InGef uses a wide range of current statistical methods for the analysis of routine health insurance data. The choice of methodology is not only based on practical feasibility considerations but also carefully aligned with the specific goals of each research project. Central to this approach is the development of high-performance analysis programs, utilizing in-house developed functions in the programming languages R, SQL, and Python, which are designed to meet the challenges posed by the large volume of data in the research database.

InGef conducts a variety of studies based on anonymized routine data, including:

  • cross-sectional studies
  • case-control studies
  • longitudinal cohort studies
  • Cost-of-illness studies

To quantify the influence and statistical significance of variables of interest on study outcomes, InGef also utilizes regression models appropriate for the type of study. These include:

  • Generalized linear models (primarily linear and logistic regression)
  • Cox regressions (for survival time analyses)
  • Generalized Estimating Equations
  • Random Effects Models (to account for clusters)
  • Two-Part Models (e.g. for cost analyses)

To enhance the presentation of results, InGef employs various visualization techniques. Examples include Kaplan-Meier curves to describe survival times and Alluvial diagrams or Sankey plots to illustrate the progression of treatments.

For select questions, modern machine learning methods are applied in addition to classical statistical methods. In various research projects, for instance, deep learning methods as well as natural language processing have been employed for the prediction of healthcare costs.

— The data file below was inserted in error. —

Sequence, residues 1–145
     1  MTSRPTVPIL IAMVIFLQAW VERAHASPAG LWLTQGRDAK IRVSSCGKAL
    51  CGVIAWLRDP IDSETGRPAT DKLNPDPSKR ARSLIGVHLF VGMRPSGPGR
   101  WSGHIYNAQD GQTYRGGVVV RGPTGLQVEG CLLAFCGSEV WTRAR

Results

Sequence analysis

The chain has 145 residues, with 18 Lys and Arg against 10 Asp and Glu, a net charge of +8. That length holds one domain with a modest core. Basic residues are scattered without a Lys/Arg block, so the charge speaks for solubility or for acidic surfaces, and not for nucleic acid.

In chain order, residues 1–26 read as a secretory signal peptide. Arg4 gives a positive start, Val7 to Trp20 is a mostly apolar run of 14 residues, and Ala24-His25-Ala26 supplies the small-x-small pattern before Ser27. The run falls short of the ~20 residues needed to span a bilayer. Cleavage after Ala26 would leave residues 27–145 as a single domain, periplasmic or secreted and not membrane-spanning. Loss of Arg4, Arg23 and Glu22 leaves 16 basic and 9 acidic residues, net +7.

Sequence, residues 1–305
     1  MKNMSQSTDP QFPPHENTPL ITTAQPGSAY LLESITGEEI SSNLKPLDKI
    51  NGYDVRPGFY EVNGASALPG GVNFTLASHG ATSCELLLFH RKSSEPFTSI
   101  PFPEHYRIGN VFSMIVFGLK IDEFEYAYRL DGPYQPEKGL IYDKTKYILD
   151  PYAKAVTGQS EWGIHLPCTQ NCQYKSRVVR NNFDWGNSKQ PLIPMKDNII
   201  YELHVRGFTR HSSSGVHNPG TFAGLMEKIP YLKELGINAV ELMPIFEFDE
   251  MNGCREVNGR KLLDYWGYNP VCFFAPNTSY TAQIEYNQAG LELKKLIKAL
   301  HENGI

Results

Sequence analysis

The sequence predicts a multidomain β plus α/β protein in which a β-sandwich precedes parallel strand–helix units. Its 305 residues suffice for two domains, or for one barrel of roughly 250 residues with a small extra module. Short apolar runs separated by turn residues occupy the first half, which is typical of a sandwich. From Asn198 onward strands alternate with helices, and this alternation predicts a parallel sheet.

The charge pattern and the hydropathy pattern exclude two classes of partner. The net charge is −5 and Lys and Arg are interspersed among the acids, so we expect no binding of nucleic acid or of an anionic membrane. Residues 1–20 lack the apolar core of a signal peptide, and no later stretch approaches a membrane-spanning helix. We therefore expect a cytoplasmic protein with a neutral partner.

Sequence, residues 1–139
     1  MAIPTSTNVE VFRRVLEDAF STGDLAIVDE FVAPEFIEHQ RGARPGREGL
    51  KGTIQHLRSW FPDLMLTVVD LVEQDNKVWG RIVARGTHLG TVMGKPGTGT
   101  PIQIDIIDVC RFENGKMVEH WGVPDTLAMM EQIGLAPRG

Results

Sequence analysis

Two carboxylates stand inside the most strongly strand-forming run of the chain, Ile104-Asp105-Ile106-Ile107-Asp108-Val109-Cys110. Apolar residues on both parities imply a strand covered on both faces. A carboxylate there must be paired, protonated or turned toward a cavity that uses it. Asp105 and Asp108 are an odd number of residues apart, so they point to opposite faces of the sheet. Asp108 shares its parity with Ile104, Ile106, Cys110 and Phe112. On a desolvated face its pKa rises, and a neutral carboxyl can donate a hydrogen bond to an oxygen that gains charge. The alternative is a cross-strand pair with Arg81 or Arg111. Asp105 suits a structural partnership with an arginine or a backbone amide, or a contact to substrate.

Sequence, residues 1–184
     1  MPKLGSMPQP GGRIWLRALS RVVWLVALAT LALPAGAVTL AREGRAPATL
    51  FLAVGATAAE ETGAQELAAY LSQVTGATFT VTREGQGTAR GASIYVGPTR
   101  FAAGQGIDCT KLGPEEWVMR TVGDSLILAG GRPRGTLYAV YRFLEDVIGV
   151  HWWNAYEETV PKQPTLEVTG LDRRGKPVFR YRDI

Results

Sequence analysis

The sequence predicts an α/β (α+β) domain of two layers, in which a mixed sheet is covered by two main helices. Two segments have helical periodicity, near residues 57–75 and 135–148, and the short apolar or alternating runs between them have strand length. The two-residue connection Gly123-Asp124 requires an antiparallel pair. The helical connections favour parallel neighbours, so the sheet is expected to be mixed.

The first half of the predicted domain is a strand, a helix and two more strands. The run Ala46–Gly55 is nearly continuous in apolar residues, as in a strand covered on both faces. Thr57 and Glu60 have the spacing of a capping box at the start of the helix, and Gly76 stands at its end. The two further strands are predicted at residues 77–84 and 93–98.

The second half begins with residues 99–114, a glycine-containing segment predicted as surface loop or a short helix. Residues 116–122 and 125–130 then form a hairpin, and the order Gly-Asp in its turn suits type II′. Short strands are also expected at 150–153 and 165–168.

A particular focus of InGef lies in ensuring the comparability of patient populations within observational studies. In addition to standardizations and exact matching of populations on specific characteristics (age, gender), the propensity score matching (PSM) method is often used. In a research project of the German Federal Ministry for Economic Affairs and Climate Action, InGef investigated how the complete database can be used to enhance PSM with the help of machine learning methods. Alternative propensity score applications such as inverse-probability-of-treatment weighting and stratification have also been successfully implemented in previous research projects.


Health services research projects and pharmacoepidemiological questions can be addressed using the Research Database (RDB), which contains anonymized billing data from approximately 8.8 million statutorily insured persons across 52 health insurance funds (see also the publication by Ludwig, Enders, Basedow, Walker, and Jacob). In addition to sociodemographic information, InGef’s RDB contains data on drug prescriptions as well as outpatient and inpatient treatments over a period of six consecutive calendar years, which are longitudinally linked.

It goes without saying that we are committed to adhering to national and international recommendations for conducting and publishing research findings. Among others, we work in accordance with: